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More college students cutting back on drinking, embracing sobriety

‘Sober curious’ gains steam, professor says

While American college life has long been associated with binge drinking and boozy parties, new evidence shows that, for some students at least, sobriety is trending.

In 1981, 82 percent of college students reported drinking alcohol during the previous 30 days, according to the National Institute on Drug Abuse’s “Monitoring the Future” survey.

In 2021, less than 60 percent reported the same.

Even more, “there’s a nascent movement of college students turning down the red Solo cup,” The Chronicle of Higher Education reported on April 11.

The news outlet identifies “a more inclusive society, a stronger safety net for those struggling with addiction, and increased skepticism toward alcohol” as reasons that “have made it easier than ever to be a college student who doesn’t drink.”

The Chronicle reported that students are refraining from drinking for various reasons, not just because they’ve become addicted or identify as alcoholics.

“Some people just want to study really hard,” Lindsay Garcia, head of Brown University’s Donovan Program for Recovery and Substance-Free Initiatives, told The Chronicle. “Some people have family history of addiction; some people are in recovery. People have religious reasons or personal reasons or medical reasons.”

“All of a sudden, everything is ‘sober curious,'” Professor Lynsey Romo added to The Chronicle.

Romo is an associate professor of communications at North Carolina State University who studies language people use in talking about alcohol and sobriety.

To be “sober curious” means “to choose to question, or get curious about, every impulse, invitation, and expectation to drink, versus mindlessly going along with the dominant drinking culture,” according to Ruby Warrington, author of the book “Sober Curious: The Blissful Sleep, Greater Focus, Limitless Presence, and Deep Connection Awaiting Us All on the Other Side of Alcohol.”

Demographic shifts in college students may also be boosting the ranks of the sober-curious and the simply sober, according to The Chronicle.

One study found that student populations with more racial and ethnic minority, female, and older or nontraditional students had lower binge drinking overall.

“The higher the percentage of minority, female, and older (aged ≥ 22 years) students in a school, the lower the binge drinking rates for total students and high-risk subgroups. These correlations did not vary significantly by survey year,” Professor Henry Wechsler and Meichun Kuo of the Harvard School of Public Health wrote in an American Journal of Public Health article, “Watering Down the Drinks: The Moderating Effects of College Demographics on Alcohol Use of High-Risk Groups.”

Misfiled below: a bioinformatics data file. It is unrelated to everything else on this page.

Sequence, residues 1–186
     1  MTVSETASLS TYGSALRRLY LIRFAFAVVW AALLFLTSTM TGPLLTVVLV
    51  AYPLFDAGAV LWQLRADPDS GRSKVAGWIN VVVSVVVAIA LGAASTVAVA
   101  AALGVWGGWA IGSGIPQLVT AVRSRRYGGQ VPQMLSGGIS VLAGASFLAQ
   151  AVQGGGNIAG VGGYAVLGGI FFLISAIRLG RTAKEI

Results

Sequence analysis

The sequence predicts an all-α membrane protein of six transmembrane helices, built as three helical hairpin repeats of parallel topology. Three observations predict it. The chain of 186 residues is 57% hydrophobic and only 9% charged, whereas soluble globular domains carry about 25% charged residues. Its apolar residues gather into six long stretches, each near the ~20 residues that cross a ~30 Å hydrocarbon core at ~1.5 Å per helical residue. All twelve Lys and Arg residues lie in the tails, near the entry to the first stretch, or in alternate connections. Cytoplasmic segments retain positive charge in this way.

The expansion of student services may also have brought down college drinking rates, as the suite of accommodations offered to students has sometimes included alcohol “recovery” or cessation programs.

These “collegiate-recovery programs” may offer “sober housing, social events, and connections to community services,” The Chronicle reported.

The Association of Recovery in Higher Education has 152 member institutions around the world, according to its website.

“Just the presence of a collegiate-recovery program on campus helps normalize the experience of being a college student who doesn’t drink,” Matt Statman, manager of the Collegiate Recovery Program at the University of Michigan, told The Chronicle. 

“What is fairly ingrained in our culture is that being a college student is associated with alcohol and other drugs,” Duncan B. Clark, a psychiatry professor at the University of Pittsburgh and an expert on adolescent substance use, told The Chronicle. “That’s proven to be a problematic expectation.”

In other words, sober college life is no longer an oxymoron.

MORE: Of course alcohol contributes to sexual assault. Let’s do something about it.

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